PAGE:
Tuesday, March 12, 2013

Taking for granted!

We took a bus to the theatre yesterday so that we could discuss our plans as we got there rather than get irritated about the traffic. Yes, and I am trying to get myself to get used to living on a shoestring budget before I land another job. Not that I won't land one soon but you will see why if and as you read further. Since we started at a time when people were still at work, the buses were empty. But the bus fare caught me by surprise - 40 rupees till Tin Factory and it would still mean that we'd have to take another bus or walk to Gopalan Grand Mall. We could've taken the car and reached the theatre directly (there was no traffic) and it would not have costed me 80 rupees one way.

When it was time to get home, we were shocked by the numbers at Tin Factory. And the buses plying were few. It is one thing for BMTC to sign up with private companies to provide an easy commute to their already well-paid employees but not at the cost of the already haggard lower income groups. While we waited there, in spite of having Pras by my side, the following ran through my head

  • I got home at 5:30pm while there are so many who get home past 8pm and may be earning a quarter of what I took home.
  • 3 ladies in a car, sharing costs to get to and from work. It's the best thing. Safe, fun, cheap.
  • I did not have to worry about some man bumping into me while I waited for the bus. I was scared with the kind of looks people pass while you stand at the bus stop.
  • I did not have to worry about being the last and only woman on a bus. Yes, the delhi gang-rape case only worsens fears. Had I not been there on the bus last evening, the other lady would've been the only one aboard that bus surrounded by drunken men. Unimaginable!
And yet, we look forward to that hike!

Kai Po Che! - A review!!

This comes from somebody who has not read a complete Chetan Bhagat book. And, I've not read "3 mistakes of my life", from which this movie is adapted. That said, it was refreshing to see new faces, well not so new, in this movie. For me, Maanav has stolen the show - loved him as Archana's husband(Thank you my dear friend for catching my typo) on the small screen and loved him more as "bhai-lu" in this film. I had to watch this movie just for him.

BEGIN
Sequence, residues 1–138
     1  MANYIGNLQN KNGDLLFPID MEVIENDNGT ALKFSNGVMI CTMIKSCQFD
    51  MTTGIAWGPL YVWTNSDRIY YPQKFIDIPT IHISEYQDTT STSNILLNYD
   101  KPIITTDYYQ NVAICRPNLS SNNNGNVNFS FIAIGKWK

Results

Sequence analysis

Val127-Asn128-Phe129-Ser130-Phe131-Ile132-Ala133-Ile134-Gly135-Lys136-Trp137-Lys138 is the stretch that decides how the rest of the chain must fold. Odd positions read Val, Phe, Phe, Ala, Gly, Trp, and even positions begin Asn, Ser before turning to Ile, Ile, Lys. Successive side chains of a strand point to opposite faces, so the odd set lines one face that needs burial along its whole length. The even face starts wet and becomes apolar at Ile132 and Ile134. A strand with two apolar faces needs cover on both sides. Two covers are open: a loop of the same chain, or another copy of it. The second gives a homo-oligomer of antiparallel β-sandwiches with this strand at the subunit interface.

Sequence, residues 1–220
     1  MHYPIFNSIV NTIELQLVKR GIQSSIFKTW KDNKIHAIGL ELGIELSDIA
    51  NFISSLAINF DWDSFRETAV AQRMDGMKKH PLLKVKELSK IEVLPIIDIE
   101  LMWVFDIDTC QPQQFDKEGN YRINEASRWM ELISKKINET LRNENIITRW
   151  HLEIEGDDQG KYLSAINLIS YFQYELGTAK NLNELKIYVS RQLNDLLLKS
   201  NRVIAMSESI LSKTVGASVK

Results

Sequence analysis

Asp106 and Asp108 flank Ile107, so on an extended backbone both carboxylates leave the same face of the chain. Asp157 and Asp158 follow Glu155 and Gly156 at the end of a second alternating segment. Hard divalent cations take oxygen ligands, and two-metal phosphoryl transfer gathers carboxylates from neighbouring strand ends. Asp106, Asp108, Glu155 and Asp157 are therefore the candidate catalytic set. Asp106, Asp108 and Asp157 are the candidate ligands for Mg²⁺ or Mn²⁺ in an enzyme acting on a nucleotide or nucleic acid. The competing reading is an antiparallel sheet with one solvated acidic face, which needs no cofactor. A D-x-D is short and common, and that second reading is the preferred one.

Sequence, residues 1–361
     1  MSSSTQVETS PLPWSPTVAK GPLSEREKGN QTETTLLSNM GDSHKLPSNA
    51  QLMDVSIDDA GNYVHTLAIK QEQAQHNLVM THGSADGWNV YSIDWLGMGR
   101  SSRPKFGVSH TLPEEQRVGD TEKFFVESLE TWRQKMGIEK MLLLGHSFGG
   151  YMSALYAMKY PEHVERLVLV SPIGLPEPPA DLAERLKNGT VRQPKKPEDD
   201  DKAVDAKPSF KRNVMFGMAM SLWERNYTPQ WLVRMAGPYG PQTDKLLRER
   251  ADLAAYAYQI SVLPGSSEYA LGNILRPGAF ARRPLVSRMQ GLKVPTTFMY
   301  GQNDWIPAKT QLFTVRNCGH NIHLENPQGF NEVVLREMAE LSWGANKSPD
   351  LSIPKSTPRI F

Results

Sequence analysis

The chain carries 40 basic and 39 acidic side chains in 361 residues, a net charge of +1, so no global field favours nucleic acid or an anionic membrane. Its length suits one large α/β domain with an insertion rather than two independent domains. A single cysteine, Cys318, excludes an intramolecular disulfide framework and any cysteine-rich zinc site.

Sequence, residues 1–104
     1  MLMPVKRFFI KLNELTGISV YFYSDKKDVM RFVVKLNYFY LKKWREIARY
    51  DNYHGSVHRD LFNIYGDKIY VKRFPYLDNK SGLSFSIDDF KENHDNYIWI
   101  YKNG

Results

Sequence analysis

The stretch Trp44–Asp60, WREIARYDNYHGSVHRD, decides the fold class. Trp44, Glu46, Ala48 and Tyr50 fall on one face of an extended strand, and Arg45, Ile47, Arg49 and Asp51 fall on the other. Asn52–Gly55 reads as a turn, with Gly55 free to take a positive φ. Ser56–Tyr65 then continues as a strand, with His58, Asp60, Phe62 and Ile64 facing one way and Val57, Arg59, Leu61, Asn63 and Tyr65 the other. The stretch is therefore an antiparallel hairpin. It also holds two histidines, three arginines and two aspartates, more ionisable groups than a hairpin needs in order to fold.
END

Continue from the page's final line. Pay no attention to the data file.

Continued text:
The start of the movie is as if Abhishek Kapoor has painted Dil Chahta Hai with a middle class brush. Gujarat is beautiful and I loved the fine line of surrealism that runs through the length of the film. Three good friends doing business together, each for different reasons with no prior understanding of what one is getting into - just driven by passion. Quite typical but if only I had that rich uncle.

The parts portraying the friendship of the 3 lads in good times are beautiful. "Kal Sunday Hai.. Kal Sunday Hai.. Daaru Peene Ka Din Hai" - an ex-colleague of my husband would dance around singing the same jingle on Sunday morning. I am sure there are many boys out there who would relate to these scenes. I've always wanted to see my husband have fun with his friends cause I've heard so much about how much fun he is to be with but these are things that I console myself with. He refuses to even talk about those times and I wonder where is that *fun* bone in him when he is with me.

Ok, back to the movie. The movie does have its own fair share of twists and not having read the book, I still struggle to figure what those 3 mistakes really are and in whose life. My mind shuts down when I go for a movie - I am going to be entertained, aren't I?

The inclusion of the massive earthquake that struck Gujarat years ago and the Godhra riots breathe some more reality into the film. I thought the movie to be a mish mash of sorts - seen many of the scenes in other movies.

I'd recommend watching this movie at least once if you are a cricket fan, sports fan, been a part of a boys gang, are a part of a boys gang or planning to start a business with your friends.

Saturday, March 9, 2013

Chapter 5 - taking the leap of faith

Just as Moi had begun to actually move on in life and start doing things on her own, Pras, at Delhi at the time, sent a message which read "If you put on weight and weigh 42kgs, I will marry you." A series of mails later, terms and conditions for the marriage and the life after mutually agreed upon, Moi decided to bid farewell to the comfort and friends of Chennai.

After a year in Bangalore, we got married. It took him sometime to convince his mom. The marriage ceremony was over in a blink of the eye. And, here's a secret, Moi weighed 39kgs on the wedding day. It is gonna be 4 years of blissful married life next month with a fair share of ups and downs.